The Huffington Post also used our case study in its coverage of the story.

Consumer Advice

Can you get a refund if a gig has bad sound?

The Guardian, 29/06/2019, p.34, Miles Brignall and Rupert Jones

Why do so many stadium and arena gigs seem to be plagued by terrible sound? And what are your rights when it comes to getting a refund, asked The Guardian.

The paper quoted the advice on our website which makes it clear: “you should complain if there’s a problem with the quality of the sound”. It says you should first contact the ticket seller or venue for a refund.

In other news

A quarter of UK betting shops could close, with 12,000 jobs at risk.

One in five councils face drastic spending cuts within months.

Mobile users can now switch providers with one simple text.

Crown estate faces tenants’ anger over rent hikes, evictions and repair delays.

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Citizens Advice responds to new Universal Credit figures

Friday 07 June 2019

The government has published new figures that show the number of people with outstanding Tax Credit overpayments who have moved onto Universal Credit.

Gillian Guy, Chief Executive of Citizens Advice, said:

“These new figures show the staggering number of people who get money deducted from their payments when moving from Tax Credits onto Universal Credit.

“Deductions can be made to repay previous overpayment debts, but these can be from years ago and often come as a surprise. They can also come on top of other deductions leaving some people unable to cover their essential costs.

“Our evidence shows that many people on Universal Credit are already struggling. Half of the people we help while waiting for their initial payment are unable to keep up with bills or rent – so any deductions can push people over the edge.

“More than a million people claiming Tax Credits are expected to move onto Universal Credit in the next stage of the rollout. The government must ensure that people have enough to live on and make sure that any debt collection is affordable.”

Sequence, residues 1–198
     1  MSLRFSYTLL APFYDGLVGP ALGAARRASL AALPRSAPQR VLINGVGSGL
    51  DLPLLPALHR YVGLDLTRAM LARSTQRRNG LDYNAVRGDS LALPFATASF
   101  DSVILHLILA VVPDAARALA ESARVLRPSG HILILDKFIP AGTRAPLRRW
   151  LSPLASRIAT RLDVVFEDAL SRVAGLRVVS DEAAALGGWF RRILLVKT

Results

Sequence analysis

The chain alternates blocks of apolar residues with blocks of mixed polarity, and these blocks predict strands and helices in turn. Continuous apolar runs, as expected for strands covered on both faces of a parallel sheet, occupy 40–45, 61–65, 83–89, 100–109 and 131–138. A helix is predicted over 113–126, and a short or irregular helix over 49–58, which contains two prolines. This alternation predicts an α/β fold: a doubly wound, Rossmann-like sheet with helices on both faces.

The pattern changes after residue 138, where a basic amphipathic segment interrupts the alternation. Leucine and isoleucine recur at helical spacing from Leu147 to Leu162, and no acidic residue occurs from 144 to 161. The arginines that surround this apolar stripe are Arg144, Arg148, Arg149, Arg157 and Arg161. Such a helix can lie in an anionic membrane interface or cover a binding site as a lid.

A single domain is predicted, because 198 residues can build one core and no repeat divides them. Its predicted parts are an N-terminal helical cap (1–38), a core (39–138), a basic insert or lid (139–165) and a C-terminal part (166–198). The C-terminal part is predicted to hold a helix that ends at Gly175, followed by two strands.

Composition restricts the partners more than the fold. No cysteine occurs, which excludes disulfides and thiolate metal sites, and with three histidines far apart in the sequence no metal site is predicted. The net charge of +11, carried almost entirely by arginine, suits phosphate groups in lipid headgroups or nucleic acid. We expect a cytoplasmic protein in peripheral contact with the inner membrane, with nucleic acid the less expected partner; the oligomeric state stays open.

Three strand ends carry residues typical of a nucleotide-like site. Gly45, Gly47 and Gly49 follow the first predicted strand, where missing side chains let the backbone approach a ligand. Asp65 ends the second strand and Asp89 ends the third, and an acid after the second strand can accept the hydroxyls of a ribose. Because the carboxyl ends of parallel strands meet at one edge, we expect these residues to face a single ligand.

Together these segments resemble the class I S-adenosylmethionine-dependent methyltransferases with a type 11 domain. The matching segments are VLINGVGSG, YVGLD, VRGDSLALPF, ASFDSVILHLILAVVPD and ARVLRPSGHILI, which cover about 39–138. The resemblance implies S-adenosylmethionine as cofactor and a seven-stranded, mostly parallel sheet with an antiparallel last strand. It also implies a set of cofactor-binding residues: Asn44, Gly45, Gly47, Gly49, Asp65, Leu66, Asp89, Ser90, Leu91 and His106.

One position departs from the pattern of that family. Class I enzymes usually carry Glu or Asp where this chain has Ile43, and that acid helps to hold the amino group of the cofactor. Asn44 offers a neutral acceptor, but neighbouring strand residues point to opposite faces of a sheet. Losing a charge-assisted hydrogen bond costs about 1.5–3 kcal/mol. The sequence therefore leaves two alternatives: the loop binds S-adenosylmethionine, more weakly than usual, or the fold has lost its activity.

The new government figures show:

Some 570,000 of the 2 million people claiming Universal Credit are repaying Tax Credit overpayments through deductions from their Universal Credit.

In the latest month, 1 in 5 (410,000) people claiming Universal Credit had money deducted directly from their payment.

New data shows that median average overpayment debt is £610. Some people have considerably higher debt, resulting in a mean average of £1,560.

In practice, rules allow Tax Credit overpayment deductions of £47.67 a month for a single person over 25, or higher for people who are in work, meaning that it could take more than a year to repay average Tax Credit overpayment debts.


  • Citizens Advice helped people with nearly 10,000 Universal Credit deductions issues in the year to March 2019.

  • Tax Credits overpayments will usually be deducted at 15% (25% if you are working) of the Universal Credit standard allowance – £47.67 a month for a single person over 25.

  • A quarter of Universal Credit claimants had a deduction of more than 20% of their standard allowance in October 2018. This can result from money being deducted for multiple reasons at the same time.

  • After advances, benefit overpayments were the second most common driver of deductions in October 2018.

  • 10% of all the money awarded in Universal Credit in October 2018 was taken in deductions.

A recently released DWP report found:

  • Three quarters (75%) of those with Tax Credits overpayments said they only discovered they had been overpaid after their UC claim had started.

  • Over a third (38%) were ‘having financial difficulties’ – classified as those falling behind with some, or many, bills and commitments. Among this group, around 6 in ten (62%) said their difficulties started in the same month or after they began claiming Universal Credit.